From Connections: Left Behind: Not exactly the secret rapture

By Darlene Warren

BIG SANDY, Texas---Mr. Gardner was a good man by all accounts. He was a dedicated, decent, moral individual. He was my ninth-grade algebra teacher. The fall of 1969 seems like a long time ago, and I guess it is, but I'll never forget the trauma of entering that classroom and discovering I was in a black hole I was sure I could never crawl out of.

I'm not talking about the first day of school. I'm referring to the first day of class after returning from the Feast of Tabernacles. I had spent a glorious week running around the piney woods campground in Big Sandy, and now the piper demanded to be paid. I wasn't a complete idiot. I did all the easy homework; the history reading, the English paper and the Spanish. I just couldn't bring myself to wade through that algebra book that I didn't really have a good grasp of to begin with.

Poster child

My teacher, Mr. Gardner, had done a good job of warning me that this was not a good time to be absent from class for such an extended period. Mathematics has never been my favorite subject, but before I left for the Feast I had been doing okay. When I returned I was left behind. "No child left behind" had not yet become a popular political slogan.

I could've been Dubyah's poster child. My fellow classmates were doing things with numbers and letters I had never seen before. I entered that classroom every day, slumping in my desk to avoid being seen by Mr. Gardner. I couldn't imagine anything worse than being called on to go to the blackboard to work out a problem I had no idea how to solve.

This was the first time I was in jeopardy of receiving a failing grade, and, with the grading period coming to an end in just a few short days, I lived in fear that that's exactly what would happen. By the grace of God and Mr. Gardner, I squeaked by, but just barely.

By the next grading period I had managed to claw my way out of that big dark hole I had fallen in and find some steadier ground. I wish I could say that, thanks to a lot of hard work and dedicated teachers, I've overcome all of my mathematical disabilities.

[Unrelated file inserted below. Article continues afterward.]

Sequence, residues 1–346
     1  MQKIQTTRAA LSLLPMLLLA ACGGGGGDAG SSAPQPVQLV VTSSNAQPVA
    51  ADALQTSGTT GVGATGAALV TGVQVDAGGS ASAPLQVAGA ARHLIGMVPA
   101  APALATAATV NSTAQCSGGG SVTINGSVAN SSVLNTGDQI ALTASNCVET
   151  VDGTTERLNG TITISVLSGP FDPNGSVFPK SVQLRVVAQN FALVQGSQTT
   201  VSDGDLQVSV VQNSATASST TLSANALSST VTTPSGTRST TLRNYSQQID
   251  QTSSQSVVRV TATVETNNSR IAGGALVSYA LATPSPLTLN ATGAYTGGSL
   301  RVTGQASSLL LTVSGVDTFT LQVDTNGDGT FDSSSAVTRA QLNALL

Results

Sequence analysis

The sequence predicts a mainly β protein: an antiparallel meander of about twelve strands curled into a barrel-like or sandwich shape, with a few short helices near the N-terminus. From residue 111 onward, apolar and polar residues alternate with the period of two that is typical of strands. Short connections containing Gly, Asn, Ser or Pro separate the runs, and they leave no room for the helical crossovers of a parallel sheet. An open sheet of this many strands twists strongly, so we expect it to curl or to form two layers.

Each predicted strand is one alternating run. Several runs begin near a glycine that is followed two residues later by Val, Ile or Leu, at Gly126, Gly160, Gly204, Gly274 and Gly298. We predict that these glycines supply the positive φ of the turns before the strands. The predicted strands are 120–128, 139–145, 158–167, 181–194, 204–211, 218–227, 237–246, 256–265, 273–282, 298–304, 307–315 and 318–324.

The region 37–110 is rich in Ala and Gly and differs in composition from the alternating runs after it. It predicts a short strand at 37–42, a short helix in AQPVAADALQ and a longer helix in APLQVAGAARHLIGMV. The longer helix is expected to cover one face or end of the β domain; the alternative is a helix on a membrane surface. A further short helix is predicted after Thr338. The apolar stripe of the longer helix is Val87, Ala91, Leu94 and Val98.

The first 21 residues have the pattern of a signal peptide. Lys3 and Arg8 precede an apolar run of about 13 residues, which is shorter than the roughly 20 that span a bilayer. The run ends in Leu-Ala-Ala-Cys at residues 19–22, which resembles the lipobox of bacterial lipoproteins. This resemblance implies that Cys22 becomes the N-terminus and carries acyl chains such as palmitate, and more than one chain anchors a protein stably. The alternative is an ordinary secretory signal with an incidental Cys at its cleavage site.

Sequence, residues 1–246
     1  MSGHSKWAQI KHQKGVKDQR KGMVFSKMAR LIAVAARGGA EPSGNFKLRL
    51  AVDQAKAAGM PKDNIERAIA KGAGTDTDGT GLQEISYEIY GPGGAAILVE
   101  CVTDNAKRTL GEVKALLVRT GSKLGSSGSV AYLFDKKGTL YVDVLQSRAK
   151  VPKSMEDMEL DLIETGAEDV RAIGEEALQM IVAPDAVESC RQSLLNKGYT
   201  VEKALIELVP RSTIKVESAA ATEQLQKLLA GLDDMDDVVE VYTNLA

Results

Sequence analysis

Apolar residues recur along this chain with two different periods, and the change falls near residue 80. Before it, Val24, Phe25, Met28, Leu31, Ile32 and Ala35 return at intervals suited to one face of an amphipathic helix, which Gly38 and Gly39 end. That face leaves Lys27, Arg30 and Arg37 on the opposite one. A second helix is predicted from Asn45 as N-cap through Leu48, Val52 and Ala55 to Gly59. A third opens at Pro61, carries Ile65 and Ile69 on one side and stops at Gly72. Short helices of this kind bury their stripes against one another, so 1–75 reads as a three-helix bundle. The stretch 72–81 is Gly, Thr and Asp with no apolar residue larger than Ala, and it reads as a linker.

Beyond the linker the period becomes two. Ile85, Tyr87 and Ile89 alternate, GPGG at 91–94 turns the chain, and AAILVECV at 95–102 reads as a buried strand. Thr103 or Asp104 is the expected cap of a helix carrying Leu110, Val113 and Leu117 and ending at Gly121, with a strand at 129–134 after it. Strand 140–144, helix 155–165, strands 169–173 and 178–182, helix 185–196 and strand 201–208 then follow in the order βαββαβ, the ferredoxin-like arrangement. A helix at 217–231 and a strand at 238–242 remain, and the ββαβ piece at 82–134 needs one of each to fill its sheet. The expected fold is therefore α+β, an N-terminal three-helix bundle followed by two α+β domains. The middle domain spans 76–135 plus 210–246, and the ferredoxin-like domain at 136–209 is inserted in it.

You can take it with you

Sadly, I admit that, without the aid of pencil and paper, I still add and subtract in the air and use the palm of my hand as an eraser when I've made a mistake or lost my train of thought.

As much as we love to observe the Feast, it isn't always convenient to leave behind school and work. Nor is it easy to return to a world that has gone on without you. In many cases adults can schedule vacation time to coincide with taking off for the Feast. But taking off for the Feast can be particularly upsetting for youngsters in school. School doesn't close down, and teachers don't slow their curricula for you. Being left behind is not a pleasant place to find yourself.

All in all, it could be worse. For some reason my family likes to travel in a convoy when embarking on any type of extended trip. I guess it's the herd mentality. One year on the way to St. Petersburg for the Feast several families decided the safest and most enjoyable way to travel would be to all depart at the same time and drive caravan style. When one vehicle stopped, everyone stopped. (You can extend your driving time by at least 50 percent this way.)

Pizza the Hut

After one such stop at Pizza Hut, everyone piled back into his vehicle and started down the road again, anxious to arrive at St. Pete. With a few miles behind them and a little time to rewind the brain processes, it began to slowly dawn on a few of the more responsible (?) in the group that they had failed to account for one of the smaller boys in the merry band of Feastgoers.

Immediately pulling over to the side of the road and scouring all the other vehicles with no success, the entire caravan retraced its path back to the Pizza Hut. There he was, lost and forlorn standing out in front of the restaurant. He had been taking care of business when everyone deserted him.

When my family members say "load up," they mean it. The sickly and weak don't stand a chance. Those who can't keep up with the herd fall by the wayside. I may never have developed into a math whiz, but at least I've never been left in the rest room.

I got through that first year of algebra and continued to take, with the urging of my high-school counselor, other courses of math that were just as baffling. What was I thinking? I had already sworn off caravaning, so in later years I basically just needed enough math skills to do a head count of my kids. For years I've tried to make sure no child, or at least none of mine, is left behind.

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